A SOAR Primer for a new hire!

Think of a security guard at a big event like a concert or a sports game. They have a lot of people to keep an eye on, and they need to be able to quickly respond if something goes wrong. But it takes work for one person to keep track of everything and make decisions quickly.

That’s where SOAR comes in. It’s like having a team of security guards working together with tools that help them coordinate and respond quickly to any issues. They might use automated alerts, pre-defined response actions, and machine learning to help them identify and respond to security incidents faster.

By using SOAR, security teams can be more efficient and effective at detecting and responding to threats, which helps keep the company and its customers safe.

A typical SOAR activity involves the following steps:

Detection: The SOAR system first detects a security event or incident, such as an attempted data breach, phishing attack, or malware infection.

Alerting: The SOAR system then generates an alert to notify the security team or analyst of the incident, typically including details such as the type of incident, severity, and affected systems or users.

Triage: The security team or analyst will then triage the alert to determine the scope and impact of the incident, using the information provided by the SOAR system and other sources.

Investigation: The security team or analyst will then investigate the incident further, using various tools and techniques to gather additional information and determine the root cause of the incident.

Response: Once the incident has been fully assessed, the security team or analyst will determine the appropriate response actions, which may include things like blocking network traffic, quarantining affected systems, or notifying users.

Remediation: After the incident has been contained, the security team or analyst will work on remediating any damage or vulnerabilities that were exposed by the incident, such as patching systems, updating security policies, or reconfiguring network defences.

Reporting: Finally, the SOAR system will generate a report summarizing the incident and the response actions taken, which can be used for compliance, auditing, and other purposes.

A SOAR activity aims to streamline and automate the security incident response process so that incidents can be detected, triaged, investigated, and responded to more quickly and effectively, reducing the risk of data loss, system compromise, or other security breaches.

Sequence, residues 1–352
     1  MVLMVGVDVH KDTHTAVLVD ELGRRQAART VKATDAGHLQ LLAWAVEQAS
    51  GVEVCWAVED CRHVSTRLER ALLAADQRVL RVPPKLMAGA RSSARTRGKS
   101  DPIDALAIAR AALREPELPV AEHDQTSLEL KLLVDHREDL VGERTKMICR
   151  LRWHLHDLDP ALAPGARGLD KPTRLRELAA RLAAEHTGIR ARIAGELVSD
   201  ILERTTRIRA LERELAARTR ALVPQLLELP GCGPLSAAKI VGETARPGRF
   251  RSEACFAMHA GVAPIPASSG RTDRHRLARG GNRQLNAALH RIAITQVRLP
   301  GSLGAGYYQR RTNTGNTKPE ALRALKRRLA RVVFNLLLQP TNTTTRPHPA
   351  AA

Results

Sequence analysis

Running a simulation on a SOAR system can be a helpful way to test and refine your incident response processes, identify gaps in your security defences, and train your security team on how to respond to different types of security incidents.

Here are the general steps to follow when running a SOAR simulation:

Define the Scenario: Decide on the type of security incident you want to simulate, such as a phishing attack, malware infection, or data breach. Determine the scope of the simulation, including the systems and users that will be affected.

Plan the Simulation: Develop a detailed plan for the simulation, including the specific steps that will be taken by the SOAR system and the security team in response to the simulated incident.

Prepare the Environment: Set up the test environment for the simulation, including any test systems or applications and any test data or accounts that may be needed.

Run the Simulation: Initiate the simulated security incident and allow the SOAR system and the security team to respond according to the plan developed in step 2.

Evaluate the Results: Evaluate the effectiveness of the response to the simulated incident, including the response time, accuracy, and completeness of the actions taken. Identify any gaps or weaknesses in the response process or the security defences.

Refine the Plan: Based on the results of the simulation, refine the incident response plan and make any necessary changes to the security defences, processes, or training.

Repeat: Repeat the simulation periodically to ensure the incident response plan remains practical and up-to-date.

By running a SOAR simulation, you can help ensure that your security team is prepared to respond to security incidents promptly and effectively, reducing the risk of data loss, system compromise, or other security breaches.



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